In New England Wildlife, a compendium of the life history of New England’s vertebrates species, there’s a passage that reads: “The redback [sic] salamander is the most abundant terrestrial vertebrate in New England and accounts for the greatest amount of vertebrate biomass in the Hubbard Brook Experimental Forest in New Hampshire (Burton and Likens 1975).” I believe it’s this passage that has given rise to the extrapolation that salamanders must also account for the greatest amount of vertebrate biomass in all of New England.
The cited study is a fascinating read. The researchers used a few different methods to estimate population sizes, with pretty different results. Using mark-recapture (and the assumption that only 2-32% of a population of salamanders are found in the top 2.5cm of soil), they determined that the population of red-backed salamanders at Hubbard Brook was somewhere between 1,650 and 27,200 per hectare, which scales up to 427,350 and 7,044,800 individuals per square mile!! Burlington is 10.5 square miles, so prior to European colonization when the area was forested, at the high end, the population would be ~72 million salamanders (roughly the population of the UK or Thailand).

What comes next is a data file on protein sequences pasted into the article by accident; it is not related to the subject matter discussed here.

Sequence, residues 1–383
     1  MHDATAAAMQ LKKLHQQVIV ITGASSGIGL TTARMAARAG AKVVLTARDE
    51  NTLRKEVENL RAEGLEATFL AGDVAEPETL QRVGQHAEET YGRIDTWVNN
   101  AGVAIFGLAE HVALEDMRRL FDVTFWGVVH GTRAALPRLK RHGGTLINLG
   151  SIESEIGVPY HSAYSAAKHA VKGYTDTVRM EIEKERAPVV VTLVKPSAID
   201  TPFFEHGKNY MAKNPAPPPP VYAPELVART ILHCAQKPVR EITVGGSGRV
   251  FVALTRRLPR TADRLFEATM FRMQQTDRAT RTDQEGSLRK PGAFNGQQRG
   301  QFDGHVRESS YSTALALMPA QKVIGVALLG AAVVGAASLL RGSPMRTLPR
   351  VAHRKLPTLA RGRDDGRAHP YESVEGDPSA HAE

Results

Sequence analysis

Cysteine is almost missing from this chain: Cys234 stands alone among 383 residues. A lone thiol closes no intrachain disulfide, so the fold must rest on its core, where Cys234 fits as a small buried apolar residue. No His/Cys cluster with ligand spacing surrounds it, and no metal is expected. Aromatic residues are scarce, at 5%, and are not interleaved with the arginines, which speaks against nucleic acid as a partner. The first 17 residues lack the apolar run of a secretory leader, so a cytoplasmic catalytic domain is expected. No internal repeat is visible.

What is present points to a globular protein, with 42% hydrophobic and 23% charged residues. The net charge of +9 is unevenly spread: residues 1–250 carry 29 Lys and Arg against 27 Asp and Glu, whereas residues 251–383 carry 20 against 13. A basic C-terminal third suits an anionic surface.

The number was less impressive when they used transects to count red-backs. These estimates were closer to 2,000 individuals per hectare. Averaging their various counts/methods, they list the population of a 36 hectare plot in Hubbard Brook as 90,000 individuals, about 648,000 red-backed salamanders per square mile).